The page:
Steven Belletto (ed.)
The Cambridge Companion to the Beats
(Cambridge University Press, 2017, 332 p.)
Interview by Oliver Harris
OH: Your introduction to The Cambridge Companion to the Beats begins by taking on the immediate dilemma or paradox: that of presenting in a highly prestigious, highly conventional academic format, writers who have historically been marginalised by the academy and who often either embraced that marginalisation or didn’t care one way or another. Can you say a bit more about how you resolved or reframed this apparent contradiction between Beat content and Cambridge Companion form?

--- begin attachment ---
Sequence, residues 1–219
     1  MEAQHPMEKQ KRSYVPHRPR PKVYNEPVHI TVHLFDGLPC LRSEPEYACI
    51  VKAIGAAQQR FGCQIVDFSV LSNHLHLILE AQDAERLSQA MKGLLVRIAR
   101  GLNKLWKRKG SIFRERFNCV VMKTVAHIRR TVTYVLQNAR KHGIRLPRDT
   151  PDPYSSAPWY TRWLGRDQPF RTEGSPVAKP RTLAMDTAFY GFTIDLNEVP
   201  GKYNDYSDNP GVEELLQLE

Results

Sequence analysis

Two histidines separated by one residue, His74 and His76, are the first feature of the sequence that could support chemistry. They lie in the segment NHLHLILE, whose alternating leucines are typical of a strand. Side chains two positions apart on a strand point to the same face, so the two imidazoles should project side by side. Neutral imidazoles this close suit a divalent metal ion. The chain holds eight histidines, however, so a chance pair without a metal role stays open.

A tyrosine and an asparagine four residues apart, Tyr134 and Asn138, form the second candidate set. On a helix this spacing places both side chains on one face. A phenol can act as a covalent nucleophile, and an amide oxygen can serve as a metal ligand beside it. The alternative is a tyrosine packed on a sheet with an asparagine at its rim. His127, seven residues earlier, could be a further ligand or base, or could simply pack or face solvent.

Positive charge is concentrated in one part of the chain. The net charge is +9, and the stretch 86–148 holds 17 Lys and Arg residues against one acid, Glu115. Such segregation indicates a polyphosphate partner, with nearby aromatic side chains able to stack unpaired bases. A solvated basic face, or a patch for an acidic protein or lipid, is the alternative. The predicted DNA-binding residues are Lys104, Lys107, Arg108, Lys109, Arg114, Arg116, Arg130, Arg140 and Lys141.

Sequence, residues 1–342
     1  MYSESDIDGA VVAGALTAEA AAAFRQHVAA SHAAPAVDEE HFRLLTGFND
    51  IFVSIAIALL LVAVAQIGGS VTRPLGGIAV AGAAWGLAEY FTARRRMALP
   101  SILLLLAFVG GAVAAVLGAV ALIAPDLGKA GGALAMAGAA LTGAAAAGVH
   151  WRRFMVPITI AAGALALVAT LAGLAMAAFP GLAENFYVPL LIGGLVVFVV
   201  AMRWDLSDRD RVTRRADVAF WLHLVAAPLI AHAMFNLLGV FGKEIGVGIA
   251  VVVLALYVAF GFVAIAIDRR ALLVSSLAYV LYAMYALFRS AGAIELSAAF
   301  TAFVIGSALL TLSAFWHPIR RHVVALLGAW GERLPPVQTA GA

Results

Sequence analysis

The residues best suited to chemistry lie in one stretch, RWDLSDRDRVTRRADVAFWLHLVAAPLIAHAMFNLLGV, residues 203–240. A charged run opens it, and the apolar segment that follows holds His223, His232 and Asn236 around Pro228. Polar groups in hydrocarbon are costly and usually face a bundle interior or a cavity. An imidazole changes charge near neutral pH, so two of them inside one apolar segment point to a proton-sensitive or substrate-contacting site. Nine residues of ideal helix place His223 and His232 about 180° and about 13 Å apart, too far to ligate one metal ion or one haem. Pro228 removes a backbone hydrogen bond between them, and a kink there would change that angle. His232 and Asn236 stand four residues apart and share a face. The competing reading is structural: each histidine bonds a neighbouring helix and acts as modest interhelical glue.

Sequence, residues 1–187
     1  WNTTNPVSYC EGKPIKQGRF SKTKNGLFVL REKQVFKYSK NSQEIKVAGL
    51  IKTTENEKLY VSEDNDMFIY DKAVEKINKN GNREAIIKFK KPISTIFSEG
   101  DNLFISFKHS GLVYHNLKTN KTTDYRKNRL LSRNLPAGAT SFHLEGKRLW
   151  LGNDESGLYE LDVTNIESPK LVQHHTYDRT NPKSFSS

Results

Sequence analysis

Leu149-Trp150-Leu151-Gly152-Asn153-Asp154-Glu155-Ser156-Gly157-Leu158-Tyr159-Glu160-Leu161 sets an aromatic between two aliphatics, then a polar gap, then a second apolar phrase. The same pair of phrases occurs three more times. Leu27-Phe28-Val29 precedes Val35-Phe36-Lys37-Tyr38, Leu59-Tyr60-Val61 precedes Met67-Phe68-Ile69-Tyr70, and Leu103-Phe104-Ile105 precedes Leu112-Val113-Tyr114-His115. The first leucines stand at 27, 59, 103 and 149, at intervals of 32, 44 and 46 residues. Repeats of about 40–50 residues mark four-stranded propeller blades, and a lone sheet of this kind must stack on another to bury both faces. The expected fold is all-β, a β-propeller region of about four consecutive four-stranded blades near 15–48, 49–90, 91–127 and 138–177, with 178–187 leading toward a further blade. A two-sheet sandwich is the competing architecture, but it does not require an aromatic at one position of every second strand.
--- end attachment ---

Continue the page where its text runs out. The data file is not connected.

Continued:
SB: I fully recognize the broad irony in considering the Beats in a conventional academic format, but I also obviously find potential value in such treatment. So rather than pretend this irony doesn’t exist, I decided to lead with it as a way to motivate the introduction. I find the relationship between the Beats and the academy fascinating: in the late 1950s, you have this revulsion and dismissal by the academy and highbrow tastemakers, who called them juvenile, violent, and unliterary. Like any paternalist admonishment, this had the opposite effect of the one intended, drawing even more readers to the Beats as the media kept repeating variations of a story about scruffy pot smokers capable of little more than muttering Like, Man, and Wow out of the corners of their mouths. From the late 1950s, any academic consideration of the Beats had to contend with this reception as part of what made the writing culturally relevant. Given that, as a series, the Cambridge Companions often serve as first points of contact for students and others looking for scholarship on the topic, I thought it was important for my introduction to offer a sense of how the Beats have been packaged as a “generation” or “literary movement” from the 1950s on. To this end, I included a section called “An Introduction to Introductions,” which sketches a rough history of Beat criticism by looking at what editors wrote in their introductions to anthologies or collections of critical essays. I hope this not only acknowledges the previous critical efforts to which the volume is indebted, but also illustrates that however contentious it was and still is, one can locate a surprisingly symbiotic relationship between the Beats and the academy. Some of the chapters take up this relationship directly, particularly Nancy Grace’s “The Beats and Literary History: Myths and Realities,” which demonstrates, among other things, very specific ties between the Beats and the academy, and Hilary Holladay’s “Beat Writers and Criticism,” which takes another look at scholar Thomas Parkinson, whose A Casebook on the Beat was ground-breaking in 1961 and is still useful today.